When Netflix recently announced structural changes that translated into higher prices for many of its customers, within a week, the move generated 12,000 client posts on the company's blog, the overwhelming majority of them angry. The resulting apology from the firm's CEO, "I messed up. I owe everyone an explanation," did little to defuse the discontent. As one customer asked, "Seriously, you thought [it was] a good idea to make it more expensive and complicated for us to manage our queues? Really?"

The Netflix fiasco illustrates a fundamental business dictate: Before you make a major change, know how your customers feel about your business, and whether they will view the change as beneficial for them as well. The lesson is surely applicable to financial industry practitioners.

There was a time when the biggest concern for advisors making the leap to a new firm was the reaction of their prior employer. With the advent of the broker protocol, the risk is now quite different. Gone are the days when clients would jump from one brokerage platform to another with blind trust. Today's clients have been schooled by 15 years of headlines about busted bubbles and industry scandals while their portfolio returns have suffered.

Before deciding to change firms, the first question to ask is, what has been the good (and bad) about your current firm and the services you offer as a result?

Try to answer honestly, and rather than focus on the small things that irritate you every day, take a 20,000-foot view of the whole picture. What issues prompt you to want a change? Do they involve technology, service and support, management, products, marketing, cultural makeup, regulatory concerns, compliance or compensation?

Once you have a clear picture of the reasons for change, you're ready for the next step: taking the pulse of your clients. The pitfalls here are manifest. Depending on your status as an employee or an independent contractor, you may have to tread carefully. Any implication that you are considering a move may risk breaching your responsibility to your employer.

A positive way to begin client conversations is to communicate your appreciation for their loyalty, and follow that with a statement that you are evaluating your services and those of your firm. You want to know how they feel. Do they have any concerns about your service or the direction your firm? Are they satisfied with the array of financial products you offer? Do they sense any potential conflicts of interest in their relationship with you? What are you doing well and what might you improve upon? Does anything bother or frustrate them?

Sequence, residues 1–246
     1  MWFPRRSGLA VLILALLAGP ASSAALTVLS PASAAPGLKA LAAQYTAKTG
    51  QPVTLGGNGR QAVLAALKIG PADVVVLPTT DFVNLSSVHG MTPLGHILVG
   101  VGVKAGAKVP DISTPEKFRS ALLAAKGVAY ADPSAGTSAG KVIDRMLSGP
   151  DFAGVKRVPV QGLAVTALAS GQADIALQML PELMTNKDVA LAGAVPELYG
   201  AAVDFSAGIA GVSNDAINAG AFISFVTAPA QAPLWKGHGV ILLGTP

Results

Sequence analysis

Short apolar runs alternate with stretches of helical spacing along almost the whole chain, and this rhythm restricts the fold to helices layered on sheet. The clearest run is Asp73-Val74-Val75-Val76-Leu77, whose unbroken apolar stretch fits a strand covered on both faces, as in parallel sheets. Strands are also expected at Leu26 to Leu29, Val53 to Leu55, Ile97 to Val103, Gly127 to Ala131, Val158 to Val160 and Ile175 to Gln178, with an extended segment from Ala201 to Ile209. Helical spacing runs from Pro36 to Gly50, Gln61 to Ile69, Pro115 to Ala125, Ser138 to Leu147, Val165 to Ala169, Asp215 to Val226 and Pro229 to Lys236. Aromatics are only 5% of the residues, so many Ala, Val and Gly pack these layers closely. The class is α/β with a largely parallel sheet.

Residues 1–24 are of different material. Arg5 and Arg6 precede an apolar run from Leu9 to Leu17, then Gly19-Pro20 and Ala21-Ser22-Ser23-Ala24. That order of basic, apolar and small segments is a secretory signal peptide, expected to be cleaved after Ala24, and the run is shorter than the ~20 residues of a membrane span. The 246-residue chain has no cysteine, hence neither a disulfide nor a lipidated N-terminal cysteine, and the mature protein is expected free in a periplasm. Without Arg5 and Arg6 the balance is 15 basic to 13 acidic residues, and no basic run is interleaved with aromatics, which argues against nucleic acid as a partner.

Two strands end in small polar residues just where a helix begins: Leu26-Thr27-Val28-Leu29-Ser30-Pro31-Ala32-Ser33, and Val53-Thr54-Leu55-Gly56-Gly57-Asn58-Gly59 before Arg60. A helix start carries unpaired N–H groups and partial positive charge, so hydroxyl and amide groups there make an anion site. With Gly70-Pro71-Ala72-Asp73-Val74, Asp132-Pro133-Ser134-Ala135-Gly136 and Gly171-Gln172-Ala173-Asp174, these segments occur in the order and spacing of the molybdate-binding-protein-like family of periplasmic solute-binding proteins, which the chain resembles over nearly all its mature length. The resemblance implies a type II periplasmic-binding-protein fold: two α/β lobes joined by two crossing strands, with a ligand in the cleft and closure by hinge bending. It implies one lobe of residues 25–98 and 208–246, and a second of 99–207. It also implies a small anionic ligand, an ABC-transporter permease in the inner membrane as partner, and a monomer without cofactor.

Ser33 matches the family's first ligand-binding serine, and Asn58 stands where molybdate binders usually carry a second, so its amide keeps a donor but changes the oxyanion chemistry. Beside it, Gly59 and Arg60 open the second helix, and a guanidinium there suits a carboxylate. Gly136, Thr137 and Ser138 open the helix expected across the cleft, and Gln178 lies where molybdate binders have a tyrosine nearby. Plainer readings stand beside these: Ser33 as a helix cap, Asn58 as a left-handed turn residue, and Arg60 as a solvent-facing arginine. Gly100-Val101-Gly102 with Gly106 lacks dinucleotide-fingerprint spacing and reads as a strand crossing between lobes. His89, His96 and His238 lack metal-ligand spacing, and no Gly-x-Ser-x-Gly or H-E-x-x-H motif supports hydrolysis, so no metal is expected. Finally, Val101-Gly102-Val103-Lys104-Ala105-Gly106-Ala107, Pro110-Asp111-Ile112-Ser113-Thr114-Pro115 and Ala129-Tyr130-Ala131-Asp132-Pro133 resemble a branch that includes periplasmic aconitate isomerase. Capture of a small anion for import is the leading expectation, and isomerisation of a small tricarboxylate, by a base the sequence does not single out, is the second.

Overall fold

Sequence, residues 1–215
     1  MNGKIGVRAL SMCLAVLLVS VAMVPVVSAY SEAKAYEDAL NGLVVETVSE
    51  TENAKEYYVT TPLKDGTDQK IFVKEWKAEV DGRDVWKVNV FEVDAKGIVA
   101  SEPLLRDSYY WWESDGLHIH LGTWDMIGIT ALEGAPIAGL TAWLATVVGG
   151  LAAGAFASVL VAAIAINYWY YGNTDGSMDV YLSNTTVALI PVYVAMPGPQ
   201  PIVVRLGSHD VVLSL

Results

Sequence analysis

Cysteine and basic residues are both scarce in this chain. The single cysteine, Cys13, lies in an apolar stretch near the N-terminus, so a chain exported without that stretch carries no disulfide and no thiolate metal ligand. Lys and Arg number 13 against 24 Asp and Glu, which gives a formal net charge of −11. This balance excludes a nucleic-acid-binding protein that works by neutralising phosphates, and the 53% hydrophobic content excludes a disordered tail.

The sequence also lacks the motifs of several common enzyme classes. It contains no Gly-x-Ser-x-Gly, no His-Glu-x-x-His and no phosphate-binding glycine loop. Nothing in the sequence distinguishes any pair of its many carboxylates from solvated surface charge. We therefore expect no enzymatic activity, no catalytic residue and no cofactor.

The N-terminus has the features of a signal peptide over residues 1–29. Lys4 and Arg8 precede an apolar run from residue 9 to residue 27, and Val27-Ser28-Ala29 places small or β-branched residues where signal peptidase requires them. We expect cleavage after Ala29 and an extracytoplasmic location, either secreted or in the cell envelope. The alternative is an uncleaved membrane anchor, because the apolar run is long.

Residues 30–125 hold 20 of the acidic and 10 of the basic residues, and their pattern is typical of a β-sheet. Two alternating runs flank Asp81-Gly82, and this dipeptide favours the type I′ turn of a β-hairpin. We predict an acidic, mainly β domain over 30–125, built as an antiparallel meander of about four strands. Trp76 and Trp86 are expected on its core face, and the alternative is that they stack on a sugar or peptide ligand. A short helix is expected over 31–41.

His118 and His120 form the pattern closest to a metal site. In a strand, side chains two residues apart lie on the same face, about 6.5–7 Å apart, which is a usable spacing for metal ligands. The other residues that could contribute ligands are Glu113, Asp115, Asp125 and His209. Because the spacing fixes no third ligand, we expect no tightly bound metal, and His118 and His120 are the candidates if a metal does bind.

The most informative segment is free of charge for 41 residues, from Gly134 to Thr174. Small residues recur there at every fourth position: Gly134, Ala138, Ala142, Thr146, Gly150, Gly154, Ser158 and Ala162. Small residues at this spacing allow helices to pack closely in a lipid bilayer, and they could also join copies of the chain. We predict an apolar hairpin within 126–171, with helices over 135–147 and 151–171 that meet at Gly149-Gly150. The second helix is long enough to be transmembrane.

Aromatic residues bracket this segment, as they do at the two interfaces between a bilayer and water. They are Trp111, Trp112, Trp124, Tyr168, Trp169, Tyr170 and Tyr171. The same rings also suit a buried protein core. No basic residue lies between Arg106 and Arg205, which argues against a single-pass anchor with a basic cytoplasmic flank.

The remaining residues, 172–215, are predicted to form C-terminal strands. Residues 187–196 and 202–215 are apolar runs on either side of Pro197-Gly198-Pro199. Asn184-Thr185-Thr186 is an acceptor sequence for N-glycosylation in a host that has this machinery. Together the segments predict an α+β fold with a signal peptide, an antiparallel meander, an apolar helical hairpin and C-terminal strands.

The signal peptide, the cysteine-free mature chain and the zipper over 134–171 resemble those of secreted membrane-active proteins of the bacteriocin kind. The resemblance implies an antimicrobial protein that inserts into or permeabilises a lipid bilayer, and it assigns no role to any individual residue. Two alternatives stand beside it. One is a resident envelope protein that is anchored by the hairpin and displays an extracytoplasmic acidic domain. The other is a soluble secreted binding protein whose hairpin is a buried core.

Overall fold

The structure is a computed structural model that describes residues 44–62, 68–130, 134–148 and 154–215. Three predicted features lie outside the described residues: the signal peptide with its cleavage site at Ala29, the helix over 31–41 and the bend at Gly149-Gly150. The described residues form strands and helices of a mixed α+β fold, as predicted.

Yes, the questions may open Pandora's box. But your primary objective is to get your clients to open up and offer their candid opinions about your professional relationship. In doing so, you are likely having a conversation no other advisor has had with them. You actually want to hear some concerns or complaints. Asking the appropriate questions will not only help you learn what your clients care most about, it will also more deeply invest them in your relationship.

But be cautious. Clients who have been with you through the market whipsaw of the past few years may have economic scars as yet unhealed. You surely don't want a conversation that needlessly reopens those wounds. Similarly, you don't want your discussion to deteriorate into a wholesale criticism about your firm. Try to keep the discussion balanced with attention to both the positive and negative.

The responses should help you decide whether the contemplated move is practical and can be achieved without a significant loss of clients. If you decide to go forward, the issues expressed by your clients provide leverage for the change. Later, you can position the move as a response to those concerns, reminding clients about the important issues they had raised and explaining why the move will be better for them.

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